The Impeachment Process
The question of impeachment has been looming in the minds of many Americans. How exactly does it work?
Among Americans, there tends to be confusion about what exactly impeachment means. At times, impeachment has been conflated with removal from office and a nuanced understanding of the process goes unexplained. While impeachment can be directed at any civil officer of the United States, we’re going to discuss what it means for the President of the United States.
What is impeachment?
Impeachment was written into the Constitution as a mechanism to hold the President of the United States accountable for wrongdoing. Rather than a direct indictment by way of the justice system, the legislative branch is responsible for impeaching the president. Article II of the Constitution defines it:
The President, Vice President and all civil Officers of the United States, shall be removed from Office on Impeachment for, and Conviction of, Treason, Bribery, or other high Crimes and Misdemeanors.
The ultimate result of a successful impeachment in the House of Representatives, and a subsequent conviction in the Senate, is the removal from office. As defined in Article I of the Consitution, “the Party convicted shall nevertheless be liable and subject to Indictment, Trial, Judgment and Punishment, according to Law.” This means after the President is removed from office, they could still be indicted.
What is a high crime and misdemeanor?
“High Crimes and Misdemeanors” are not defined by the Constitution, but they have been given broad meaning by the Founding Fathers, precedent, and government officials throughout history. In Federalist No. 65, Alexander Hamilton defined impeachable offenses as those that violate the public trust.
“A well-constituted court for the trial of impeachments is an object not more to be desired than difficult to be obtained in a government wholly elective. The subjects of its jurisdiction are those offenses which proceed from the misconduct of public men, or, in other words, from the abuse or violation of some public trust.”
Former President Gerald Ford’s framing of impeachable conduct is how Congress has viewed “high Crimes and Misdemeanors,” especially in modern history. Ford said: “An impeachable offence is whatever a majority of the House of Representatives considers it to be at a given moment in history.”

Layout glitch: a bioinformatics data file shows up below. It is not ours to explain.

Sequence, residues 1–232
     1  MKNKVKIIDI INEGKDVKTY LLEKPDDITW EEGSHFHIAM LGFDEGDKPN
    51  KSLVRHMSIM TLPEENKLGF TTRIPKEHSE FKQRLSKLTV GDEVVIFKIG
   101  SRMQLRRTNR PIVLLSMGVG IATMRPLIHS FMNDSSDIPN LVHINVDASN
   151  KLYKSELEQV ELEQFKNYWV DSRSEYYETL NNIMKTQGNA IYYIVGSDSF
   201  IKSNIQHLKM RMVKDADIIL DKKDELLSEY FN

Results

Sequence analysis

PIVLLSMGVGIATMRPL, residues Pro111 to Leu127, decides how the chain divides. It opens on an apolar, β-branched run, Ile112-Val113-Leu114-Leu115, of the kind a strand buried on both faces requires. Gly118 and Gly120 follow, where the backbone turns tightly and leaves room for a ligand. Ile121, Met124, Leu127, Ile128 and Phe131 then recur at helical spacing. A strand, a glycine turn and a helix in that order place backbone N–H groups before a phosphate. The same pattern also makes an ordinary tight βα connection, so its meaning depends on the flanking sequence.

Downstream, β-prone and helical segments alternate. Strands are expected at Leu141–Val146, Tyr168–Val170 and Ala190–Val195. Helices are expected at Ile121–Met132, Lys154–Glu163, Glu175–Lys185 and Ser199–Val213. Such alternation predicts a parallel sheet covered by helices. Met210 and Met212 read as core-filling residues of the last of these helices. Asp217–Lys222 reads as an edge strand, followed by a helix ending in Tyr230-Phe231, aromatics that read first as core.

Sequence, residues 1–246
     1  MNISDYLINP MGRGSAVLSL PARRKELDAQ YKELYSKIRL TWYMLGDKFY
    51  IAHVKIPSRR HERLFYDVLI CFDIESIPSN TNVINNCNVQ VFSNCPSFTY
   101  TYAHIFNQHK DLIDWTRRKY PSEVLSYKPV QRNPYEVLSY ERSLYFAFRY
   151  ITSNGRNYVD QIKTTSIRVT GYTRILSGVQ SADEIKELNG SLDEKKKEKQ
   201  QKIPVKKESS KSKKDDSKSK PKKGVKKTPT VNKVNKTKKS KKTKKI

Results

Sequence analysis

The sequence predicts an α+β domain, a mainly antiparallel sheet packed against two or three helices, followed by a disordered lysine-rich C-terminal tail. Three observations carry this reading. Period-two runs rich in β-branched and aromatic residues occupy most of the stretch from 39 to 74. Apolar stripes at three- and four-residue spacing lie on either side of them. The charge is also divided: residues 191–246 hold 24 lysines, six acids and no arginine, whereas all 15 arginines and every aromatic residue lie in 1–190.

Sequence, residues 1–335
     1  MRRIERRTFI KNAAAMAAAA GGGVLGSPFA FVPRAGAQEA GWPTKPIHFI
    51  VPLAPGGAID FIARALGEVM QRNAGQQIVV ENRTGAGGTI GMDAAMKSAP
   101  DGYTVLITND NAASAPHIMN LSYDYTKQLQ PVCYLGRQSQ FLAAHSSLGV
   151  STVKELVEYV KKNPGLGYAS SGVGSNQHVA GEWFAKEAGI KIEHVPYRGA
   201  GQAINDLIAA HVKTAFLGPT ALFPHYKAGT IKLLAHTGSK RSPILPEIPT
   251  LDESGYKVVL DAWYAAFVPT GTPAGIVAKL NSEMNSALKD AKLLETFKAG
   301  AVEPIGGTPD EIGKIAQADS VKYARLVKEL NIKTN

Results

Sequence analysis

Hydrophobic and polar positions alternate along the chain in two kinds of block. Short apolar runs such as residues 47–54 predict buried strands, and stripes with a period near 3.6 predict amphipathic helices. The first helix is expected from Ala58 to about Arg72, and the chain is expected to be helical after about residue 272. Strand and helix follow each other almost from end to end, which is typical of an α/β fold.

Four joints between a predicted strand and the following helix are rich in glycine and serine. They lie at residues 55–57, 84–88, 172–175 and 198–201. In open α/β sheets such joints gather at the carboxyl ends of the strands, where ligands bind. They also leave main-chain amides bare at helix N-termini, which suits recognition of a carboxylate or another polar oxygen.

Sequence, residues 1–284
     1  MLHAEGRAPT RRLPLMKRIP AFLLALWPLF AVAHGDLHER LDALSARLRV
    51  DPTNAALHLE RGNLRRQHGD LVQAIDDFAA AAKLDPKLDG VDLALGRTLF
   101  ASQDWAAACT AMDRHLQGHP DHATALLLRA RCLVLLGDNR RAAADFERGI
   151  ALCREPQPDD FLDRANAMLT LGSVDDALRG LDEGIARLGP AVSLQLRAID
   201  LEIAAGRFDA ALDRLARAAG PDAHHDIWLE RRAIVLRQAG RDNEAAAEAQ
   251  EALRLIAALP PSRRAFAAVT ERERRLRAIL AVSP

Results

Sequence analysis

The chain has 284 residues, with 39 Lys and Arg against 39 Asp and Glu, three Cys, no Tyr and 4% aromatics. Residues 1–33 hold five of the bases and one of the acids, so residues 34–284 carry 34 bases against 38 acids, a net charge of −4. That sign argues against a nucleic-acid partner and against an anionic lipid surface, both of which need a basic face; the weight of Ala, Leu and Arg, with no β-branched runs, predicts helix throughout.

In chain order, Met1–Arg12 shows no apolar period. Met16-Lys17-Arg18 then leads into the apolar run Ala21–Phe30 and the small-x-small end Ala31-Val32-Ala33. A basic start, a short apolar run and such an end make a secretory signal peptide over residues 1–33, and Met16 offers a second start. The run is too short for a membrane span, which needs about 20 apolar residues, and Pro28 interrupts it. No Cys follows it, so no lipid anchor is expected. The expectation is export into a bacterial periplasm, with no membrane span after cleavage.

Who can impeach the president?
Article I of the Constitution designates the House of Representatives as the only chamber of Congress that has the power to launch an impeachment inquiry and file articles of impeachment against the President. After articles of impeachment pass the House, they are then sent to the Senate where a trial is held and a decision on whether to convict (remove the President from office) is made.
How the impeachment process works
In order to launch a formal impeachment inquiry, which is an investigation into the President’s conduct, the House Judiciary Committee needs to pass a resolution to open the inquiry by a simple majority. The resolution then moves to the full House floor for a vote where it needs a simple majority (218 votes) to pass.
The House impeachment inquiry
Once the resolution passes, the House Judiciary Committee is endowed with grand jury powers. This provides the committee with increased investigatory powers that allows them to more effectively compel testimony, obtain documents, and enforce subpoenas. According to legal experts, when the House Judiciary Committee has launched an impeachment inquiry, they’re more likely to secure favorable court rulings due to their enhanced legal standing.
Articles of impeachment
Think of impeachment as an indictment of the President and the articles of impeachment as individual counts. Impeachment does not equal removal from office.
The Senate impeachment trial
The majority leadership in the Senate decides exactly how, and if, an impeachment trial will be conducted. The Chief Justice of the Supreme Court presides over the trial as Senators become jurors and representatives of the House act as prosecutors presenting evidence.Looking to make a difference? Consider signing one of these petitions:
What happens if a US president is impeached?
If the Senate votes to remove the President from office after an impeachment trial, the Vice President then takes their place in the Oval Office.
How many US presidents have been impeached?
There have only been two presidents impeached in American history: President Andrew Johnson and President Bill Clinton. Both were acquitted by the Senate.
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